This kind of miss selling could seriously compromise the health and wellbeing of our elderly and vulnerable loved ones. I have wondered how many other residents in care homes skin integrity is being jeopardised as a result of this unscrupulous company who clearly either have little knowledge of the potential gravity of their business practices, of simply are putting sales and profit above values, ethics and morals.
    As companies within the healthcare sector, I believe that we have a moral obligation to do what is right by our clients, and to demonstrate integrity and ethics in the way in which we conduct business.

    So how do you know who you can trust, when sourcing vital healthcare equipment?

    As a business who has worked in the care sector for over 25 years, passionate about enabling people to live independently, safely and with dignity, we made a decision several years ago to join The British Healthcare Trades Association (BHTA), the UK's oldest and largest healthcare association, founded in 1917.
    The BHTA has almost 500 company members, employing over 17,000 people – making or selling healthcare and assistive technology products that help people live more independently.
    We became part of this association so we could clearly demonstrate through their Chartered Trading Standards Institute approved Code of Practice which,as a member, we sign up to, that we take our business seriously. We give our commitment to high levels of customer care that go above and beyond our legal obligations, giving customers confidence, and building relationships based on trust and adding value.

    BHTA PIC

    So how will you benefit from working with BHTA member companies like us?

    For members of the Public - Wherever you see the BHTA logo, you know you’re dealing with a company you can trust. You’ll get clear information about your rights, receive a high standard of customer service and have access to an independent complaints process. If you're looking for an approved supplier who can assess your needs and help you to choose the right product or service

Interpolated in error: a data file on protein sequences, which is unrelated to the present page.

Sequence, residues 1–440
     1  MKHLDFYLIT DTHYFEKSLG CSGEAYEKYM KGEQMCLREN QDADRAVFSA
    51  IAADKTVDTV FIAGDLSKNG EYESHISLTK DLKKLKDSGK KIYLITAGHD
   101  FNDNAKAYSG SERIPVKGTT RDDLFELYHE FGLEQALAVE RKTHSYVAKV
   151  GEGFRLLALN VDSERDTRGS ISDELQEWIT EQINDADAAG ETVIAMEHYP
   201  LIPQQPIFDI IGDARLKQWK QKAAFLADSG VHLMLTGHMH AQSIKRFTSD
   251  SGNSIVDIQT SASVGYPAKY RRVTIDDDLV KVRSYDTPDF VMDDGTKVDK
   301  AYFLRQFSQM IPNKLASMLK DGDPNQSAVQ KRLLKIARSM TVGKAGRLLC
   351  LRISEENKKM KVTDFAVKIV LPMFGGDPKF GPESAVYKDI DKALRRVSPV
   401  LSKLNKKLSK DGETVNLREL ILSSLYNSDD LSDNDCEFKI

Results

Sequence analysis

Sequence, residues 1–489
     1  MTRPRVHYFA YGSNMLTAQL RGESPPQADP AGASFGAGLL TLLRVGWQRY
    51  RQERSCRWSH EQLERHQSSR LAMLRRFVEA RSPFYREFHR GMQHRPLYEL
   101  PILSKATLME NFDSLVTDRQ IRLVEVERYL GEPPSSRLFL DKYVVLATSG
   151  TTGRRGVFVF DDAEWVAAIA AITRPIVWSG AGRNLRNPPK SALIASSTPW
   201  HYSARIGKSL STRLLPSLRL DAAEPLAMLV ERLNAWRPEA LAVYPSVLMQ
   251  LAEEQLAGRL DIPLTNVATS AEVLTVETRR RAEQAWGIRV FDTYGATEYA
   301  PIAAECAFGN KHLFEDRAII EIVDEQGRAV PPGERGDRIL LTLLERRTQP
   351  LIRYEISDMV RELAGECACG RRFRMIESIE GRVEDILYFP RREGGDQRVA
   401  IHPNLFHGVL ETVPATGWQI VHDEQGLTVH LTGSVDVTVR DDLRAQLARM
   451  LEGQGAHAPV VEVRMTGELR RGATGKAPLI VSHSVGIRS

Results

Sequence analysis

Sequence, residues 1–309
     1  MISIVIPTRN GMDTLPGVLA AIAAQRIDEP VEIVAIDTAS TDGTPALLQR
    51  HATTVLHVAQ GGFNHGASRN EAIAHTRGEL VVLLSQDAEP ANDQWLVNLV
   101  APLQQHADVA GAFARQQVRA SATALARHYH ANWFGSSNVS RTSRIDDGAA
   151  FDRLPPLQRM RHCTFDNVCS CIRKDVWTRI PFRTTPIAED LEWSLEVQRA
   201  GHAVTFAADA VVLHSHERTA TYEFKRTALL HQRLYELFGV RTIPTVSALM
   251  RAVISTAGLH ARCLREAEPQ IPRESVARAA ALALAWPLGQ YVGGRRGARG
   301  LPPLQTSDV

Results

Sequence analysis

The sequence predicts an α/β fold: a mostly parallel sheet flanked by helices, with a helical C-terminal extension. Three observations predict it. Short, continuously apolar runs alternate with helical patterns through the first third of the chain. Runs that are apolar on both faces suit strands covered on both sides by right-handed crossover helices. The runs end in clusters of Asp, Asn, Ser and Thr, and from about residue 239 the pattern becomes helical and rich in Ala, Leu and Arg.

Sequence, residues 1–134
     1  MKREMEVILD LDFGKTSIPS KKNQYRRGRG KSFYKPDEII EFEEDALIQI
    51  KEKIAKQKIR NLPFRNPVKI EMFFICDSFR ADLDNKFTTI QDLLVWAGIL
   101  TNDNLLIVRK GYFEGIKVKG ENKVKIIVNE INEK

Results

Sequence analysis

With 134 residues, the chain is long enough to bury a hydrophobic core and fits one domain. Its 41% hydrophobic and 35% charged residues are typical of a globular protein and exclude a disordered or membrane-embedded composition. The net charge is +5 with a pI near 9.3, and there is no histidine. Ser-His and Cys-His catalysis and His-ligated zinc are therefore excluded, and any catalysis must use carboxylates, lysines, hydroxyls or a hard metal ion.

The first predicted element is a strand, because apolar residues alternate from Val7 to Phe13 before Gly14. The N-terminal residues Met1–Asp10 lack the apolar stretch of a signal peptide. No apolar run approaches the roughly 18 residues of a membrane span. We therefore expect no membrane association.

For Care Professionals - When you’re working with a client to maintain their independence, you want to know the products and services they’re using are right for them. BHTA members follow strict guidelines on customer care and won’t sell anything that doesn’t meet customers’ needs.
    For Trade Customers - Working with BHTA member companies will ensure you receive the very best customer service consistently.
    If you are looking to work with a supplier or retailer to maintain a client's independence, then contacting a company that is a BHTA member is the first step to ensuring that the company you build a relationship with is aiming for the highest possible standards in everything that they do.
    Look out for these logos

    BHTA PIC2

    I would like to leave you with a favourite saying of mine by John Ruskin, a leading art critic and prominent social thinker of the Victorian era.
    'It's unwise to pay too much, but it's worse to pay too little. When you pay too much, you lose a little money – that is all. When you pay too little, you sometimes lose everything, because the thing you bought was incapable of doing the thing it was bought to do. The common law of business balance prohibits paying a little and getting a lot – it can't be done. If you deal with the lowest bidder, it is well to add something for the risk you run, and if you do that you will have enough to pay for something better."